The World Health Organization has raised its pandemic swine flu alert level to phase 5 -- its second-highest level.
The move by the agency, which is the public health arm of the United Nations, is "a strong signal that a pandemic is imminent," according to published guidelines.
"The change to a higher phase of alert is a signal to governments [and industry] that certain actions now should be undertaken with increased urgency and at an accelerated pace," said Dr. Margaret Chan, WHO's director-general, at a press conference Wednesday.
"The biggest question is this -- how severe will the pandemic be, especially now at the start," Chan said. "It really is all of humanity that is under threat during a pandemic."
Practically speaking, the shift is crucial to mobilize pharmaceutical companies and governments to start manufacturing adequate antiviral drugs and expedite the creation of a vaccine against swine flu.
It also places the world a single step away from an official global pandemic.
President Barack Obama pledged "great vigilance" in confronting the swine flu outbreak Wednesday night as it spread coast to coast across the U.S.
Despite calls from many U.S. lawmakers for tightening controls over the Mexico-US border, Obama ruled out that option, even though the swine flu outbreak has been at its most virulent and may have begun there.
"We have been preparing all along as if this is going to be stage 6," Secretary of Homeland Security Janet Napolitano said at a press conference this afternoon before the WHO announcement. "Our efforts have been to stay ahead of whatever number WHO assigns."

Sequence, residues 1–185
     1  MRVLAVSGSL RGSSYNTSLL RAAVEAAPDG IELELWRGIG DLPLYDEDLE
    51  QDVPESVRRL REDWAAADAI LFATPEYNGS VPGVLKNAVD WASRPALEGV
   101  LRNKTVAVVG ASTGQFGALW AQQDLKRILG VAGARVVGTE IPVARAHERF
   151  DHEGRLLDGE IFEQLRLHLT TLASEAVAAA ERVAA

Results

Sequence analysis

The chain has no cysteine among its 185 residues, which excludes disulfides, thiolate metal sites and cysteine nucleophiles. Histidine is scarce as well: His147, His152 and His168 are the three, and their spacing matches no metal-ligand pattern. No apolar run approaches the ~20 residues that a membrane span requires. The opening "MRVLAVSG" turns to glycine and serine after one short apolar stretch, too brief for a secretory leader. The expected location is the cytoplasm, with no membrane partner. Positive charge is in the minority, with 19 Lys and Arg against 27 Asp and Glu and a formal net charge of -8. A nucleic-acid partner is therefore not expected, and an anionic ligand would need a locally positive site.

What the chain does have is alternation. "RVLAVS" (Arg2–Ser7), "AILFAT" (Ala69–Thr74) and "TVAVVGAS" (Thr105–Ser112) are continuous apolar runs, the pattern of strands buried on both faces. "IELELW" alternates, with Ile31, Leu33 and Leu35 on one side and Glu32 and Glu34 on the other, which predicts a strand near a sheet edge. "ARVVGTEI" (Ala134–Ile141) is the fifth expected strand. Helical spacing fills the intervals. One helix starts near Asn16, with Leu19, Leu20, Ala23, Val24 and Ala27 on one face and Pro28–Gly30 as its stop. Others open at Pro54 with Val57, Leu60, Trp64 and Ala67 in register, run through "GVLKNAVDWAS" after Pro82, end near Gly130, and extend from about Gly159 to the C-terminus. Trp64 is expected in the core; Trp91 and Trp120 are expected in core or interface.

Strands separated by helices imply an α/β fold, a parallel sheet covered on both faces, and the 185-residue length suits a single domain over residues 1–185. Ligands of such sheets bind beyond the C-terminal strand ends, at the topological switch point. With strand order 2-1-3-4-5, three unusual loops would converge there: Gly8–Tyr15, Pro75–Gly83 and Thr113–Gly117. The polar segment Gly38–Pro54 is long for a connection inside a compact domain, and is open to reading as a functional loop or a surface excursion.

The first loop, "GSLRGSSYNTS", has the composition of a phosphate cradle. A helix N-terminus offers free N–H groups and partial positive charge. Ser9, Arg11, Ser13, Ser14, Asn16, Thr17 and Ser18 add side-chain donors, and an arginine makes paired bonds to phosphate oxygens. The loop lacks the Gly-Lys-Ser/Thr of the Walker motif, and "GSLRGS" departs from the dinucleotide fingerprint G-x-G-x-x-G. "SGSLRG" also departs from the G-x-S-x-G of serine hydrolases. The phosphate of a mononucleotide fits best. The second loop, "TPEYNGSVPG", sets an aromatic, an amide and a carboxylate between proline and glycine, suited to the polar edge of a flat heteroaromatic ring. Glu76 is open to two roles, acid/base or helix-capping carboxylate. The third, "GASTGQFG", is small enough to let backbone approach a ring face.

Health and Human Services Secretary Kathleen Sebelius said at the same conference that the change in designation should not inspire undue worry.
"Panicking is probably not very helpful," she said. "What's helpful is turning this concern and worry into action steps."
In the United States, the swine flu virus has spread to 11 states and infected 94 people, according to the U.S. Centers for Disease Control and Prevention.
Appoximately 160,400 children across fourteen states will stay home from school on Thursday.
Five more states -- Arizona, Michigan, Mass., Nevada and Maine – each now have at least one confirmed case.
The latest state to report infections is Maine, with three new cases, according to Gov. John Baldacci, who says all those stricken are at home recovering .
In addition to the Maine, Richard Besser, acting director of the CDC, said there were now 51 cases in New York; 16 cases in Texas; 14 cases in California; two cases each in Massachusetts, Michigan and Kansas; and single cases in Arizona, Nevada, Indiana and Ohio.
The CDC has not officially added the Maine infections to their totals, which stand at 91 confirmed cases.
The announcements came on the same day that federal health officials reported the swine flu death of a 22-month-old baby boy in Texas -- the first known U.S. fatality from the outbreak.
The baby, who died at Texas Children's Hospital in Houston Monday, was from Mexico and was in the United States to visit family in nearby Brownsville, Texas, officials said. The death is the first linked to swine flu to occur outside of Mexico.
"This is obviously a serious situation," said President Obama of the developments today. He further urged local health departments to watch for new cases -- and for schools to "strongly consider" closing their doors if the virus is suspected or detected among students or staff.